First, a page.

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UK Government Update on Digital Markets Competition and Consumer Bill

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    On 17 November 2022, the UK Government confirmed in its Autumn Statement 2022 that the Digital Markets, Competition and Consumer Bill (the "Bill"), initially announced in the Queen's Speech on 10 May 2022, will be brought forward early next year. 

    Key takeaways
    • The Autumn Statement indicates that the government's digital markets strategy will be implemented by the Bill. The strategy includes tailored codes of conduct for certain digital companies and a bespoke merger control regime for designated firms.
    • The Bill is also expected to include a wide range of reforms to the competition and consumer law regimes in the UK, in particular:
      • Wide-ranging changes to the Competition and Markets Authority's ("CMA") Competition Act 1998 and market study/investigation powers, including imposing significant penalties for non-compliance with market investigation orders (this may extend to orders that have already been adopted following previous market investigations which, if pursued, would be controversial).
      • Significantly strengthen the consumer law enforcement regime by enabling the CMA to directly enforce consumer law through the imposition of fines.
      • Changes to UK consumer laws to tackle subscription traps and fake reviews and to enhance protections for savings schemes.

    On 17 November 2022, the UK Government announced in its Autumn Statement 2022 that it will bring forward the Bill in the third Parliamentary session.  While no specific date has been announced for the first reading of the Bill, we understand this will likely take place in Spring 2023.

    The Bill is expected to contain a number of significant and wide-ranging reforms to the regulation of digital markets and the existing competition and consumer law regimes, following several consultation processes in recent years.

    In July 2021, the Government published two consultations on its proposed reforms (see our September 2021 newsletter article):

    • one setting out its proposed reforms to competition and consumer policy, following publication of the Penrose Report (see our March 2021 newsletter article); and
    • one setting out a new pro-competition regime for digital markets, which drew on recommendations from the Furman Report in 2019 (see our April 2019 newsletter) and the Digital Markets Taskforce in 2020 (see our December 2020 newsletter).

    In April 2022, the Government subsequently published its response to the first consultation setting out the reforms which it intended to proceed with in relation to the competition and consumer law regimes (see our May 2022 update). The Government's response to the second consultation was published in May 2022.

    The Autumn Statement only provides an update on the anticipated timing: it does not include any further details of the proposals which will be included in the Bill. In this update, we highlight the key reforms proposed by the Government which we anticipate being included in the Bill.

    Digital markets

    Under the pro-competition regime for digital markets, the Digital Markets Unit ("DMU") within the CMA will be able to designate companies as having Strategic Market Status ("SMS").  The DMU was launched in 'shadow form' in April 2021, pending the introduction of the UK's new digital regulatory regime (see our May 2021 update) .

    While we await further details on the proposed regime, the Government has indicated that: 

    • Only firms found to have "substantial and entrenched" market power in at least one digital activity will be designated.
    • The DMU will also be required to establish a UK nexus.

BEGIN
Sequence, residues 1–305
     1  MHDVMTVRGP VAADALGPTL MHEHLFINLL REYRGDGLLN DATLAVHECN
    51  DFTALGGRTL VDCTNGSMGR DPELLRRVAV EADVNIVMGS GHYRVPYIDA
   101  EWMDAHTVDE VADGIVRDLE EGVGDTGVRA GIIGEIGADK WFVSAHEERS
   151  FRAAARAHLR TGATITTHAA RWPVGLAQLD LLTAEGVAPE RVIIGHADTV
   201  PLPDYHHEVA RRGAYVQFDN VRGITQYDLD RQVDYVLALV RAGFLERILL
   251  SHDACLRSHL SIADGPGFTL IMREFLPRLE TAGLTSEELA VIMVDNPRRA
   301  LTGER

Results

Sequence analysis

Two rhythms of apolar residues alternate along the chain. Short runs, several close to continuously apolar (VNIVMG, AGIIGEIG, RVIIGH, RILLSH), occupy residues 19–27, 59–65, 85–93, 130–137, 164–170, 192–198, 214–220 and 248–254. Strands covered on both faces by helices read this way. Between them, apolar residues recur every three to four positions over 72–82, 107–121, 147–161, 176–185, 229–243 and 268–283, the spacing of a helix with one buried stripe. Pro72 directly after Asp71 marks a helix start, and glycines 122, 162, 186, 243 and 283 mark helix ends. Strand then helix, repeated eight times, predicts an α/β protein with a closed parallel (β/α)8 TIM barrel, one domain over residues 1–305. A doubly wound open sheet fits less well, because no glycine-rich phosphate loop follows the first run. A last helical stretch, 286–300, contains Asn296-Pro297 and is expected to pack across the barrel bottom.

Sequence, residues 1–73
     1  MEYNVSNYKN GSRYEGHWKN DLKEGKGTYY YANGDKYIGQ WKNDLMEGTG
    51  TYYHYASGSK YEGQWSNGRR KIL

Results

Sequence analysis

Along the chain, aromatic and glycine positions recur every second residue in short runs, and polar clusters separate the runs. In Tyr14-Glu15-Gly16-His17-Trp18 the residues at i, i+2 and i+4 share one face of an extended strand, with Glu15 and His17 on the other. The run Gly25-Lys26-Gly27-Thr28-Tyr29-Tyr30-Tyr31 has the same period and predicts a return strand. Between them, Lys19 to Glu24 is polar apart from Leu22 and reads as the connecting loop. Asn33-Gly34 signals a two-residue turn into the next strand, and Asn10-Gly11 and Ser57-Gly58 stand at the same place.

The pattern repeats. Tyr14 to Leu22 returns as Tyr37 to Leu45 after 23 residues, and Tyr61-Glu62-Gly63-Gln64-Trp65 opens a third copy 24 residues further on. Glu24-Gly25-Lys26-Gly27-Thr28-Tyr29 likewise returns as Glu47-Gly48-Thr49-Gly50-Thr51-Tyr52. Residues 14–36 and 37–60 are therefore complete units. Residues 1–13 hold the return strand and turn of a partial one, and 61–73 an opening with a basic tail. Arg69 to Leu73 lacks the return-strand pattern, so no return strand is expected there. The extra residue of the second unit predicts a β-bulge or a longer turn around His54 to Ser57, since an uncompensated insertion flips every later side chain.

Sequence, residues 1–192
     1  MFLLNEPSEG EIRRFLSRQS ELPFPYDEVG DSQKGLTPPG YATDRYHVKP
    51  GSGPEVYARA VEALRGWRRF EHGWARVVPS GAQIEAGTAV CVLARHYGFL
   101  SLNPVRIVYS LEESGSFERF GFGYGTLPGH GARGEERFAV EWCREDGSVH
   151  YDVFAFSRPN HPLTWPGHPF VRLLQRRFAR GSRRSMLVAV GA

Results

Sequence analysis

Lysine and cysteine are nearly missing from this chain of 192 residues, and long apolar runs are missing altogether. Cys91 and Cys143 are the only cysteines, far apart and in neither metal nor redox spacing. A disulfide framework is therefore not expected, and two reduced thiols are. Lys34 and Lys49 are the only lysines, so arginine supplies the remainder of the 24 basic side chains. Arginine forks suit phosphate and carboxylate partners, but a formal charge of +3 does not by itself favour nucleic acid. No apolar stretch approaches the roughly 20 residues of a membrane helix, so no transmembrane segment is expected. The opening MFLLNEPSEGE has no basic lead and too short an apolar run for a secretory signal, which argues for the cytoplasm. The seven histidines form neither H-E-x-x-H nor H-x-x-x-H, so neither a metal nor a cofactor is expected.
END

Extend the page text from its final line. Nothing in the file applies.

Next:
• There will be a minimum revenue threshold to make clear that smaller companies are not in scope of the regime.

    Further details on the criteria which will be used to assess whether a company has SMS will be included in legislation and the DMU will also be required to publish guidance on how the concepts will be applied in practice.  The DMU will have up to nine months to complete SMS designation assessments, but this deadline may be extended by three months in exceptional circumstances. 

    Once designated, businesses will be subject to enhanced regulation, including through: 

    • an enforceable code of conduct; and
    • mandatory reporting requirements for transactions meeting certain thresholds.

    The CMA will also have the power to impose a wide range of pro-competitive interventions. 

    Codes of conduct 

    The categories of permissible conduct requirements will be set out in legislation but each code of conduct will be tailored to the particular SMS company.  Examples of the types of conduct requirements that may be imposed include: 

    • requiring SMS companies not to apply discriminatory terms, conditions or policies;
    • preventing bundling or tying services;
    • providing clear, relevant, accurate and accessible information to users; and
    • preventing a company from leveraging other parts of the business to further entrench its power in a designated activity.

    There will be an exemption designed to ensure that conduct which results in net consumer benefits is not considered to breach conduct requirements. 

    Once finalised, the specific requirements will be binding on the company in question.  Failure to comply with the code of conduct could result in the DMU making an order requiring compliance or imposing financial penalties of up to 10% of global turnover.  In addition, the DMU will have the ability to impose civil penalties on named senior managers for failing to ensure compliance with information requests and seek director disqualification for regulatory breaches. 

    Merger control

    Following feedback received during the consultation process, the Government has refined its proposals to require SMS companies to report all M&A activity.  The revised proposals expected to be included in the Bill indicate that SMS companies will be required to report their most significant transactions, which the Government considers to be when:

    • the SMS company will hold at least 15% of the equity / voting rights after the transaction;
    • the value of the holding is over £25 million; and
    • the transaction meets a UK nexus test.

    The Government is not progressing its previous proposals to lower the standard of proof at Phase 2. 

    Competition Act investigations

    We expect the Bill to set out significant changes to the CMA's powers when conducting Competition Act investigations, including:

    • new evidence gathering powers, such as the ability to interview any relevant person, seize and sift powers for inspections at domestic premises, and strengthening the CMA's powers to obtain information remotely when executing a warrant;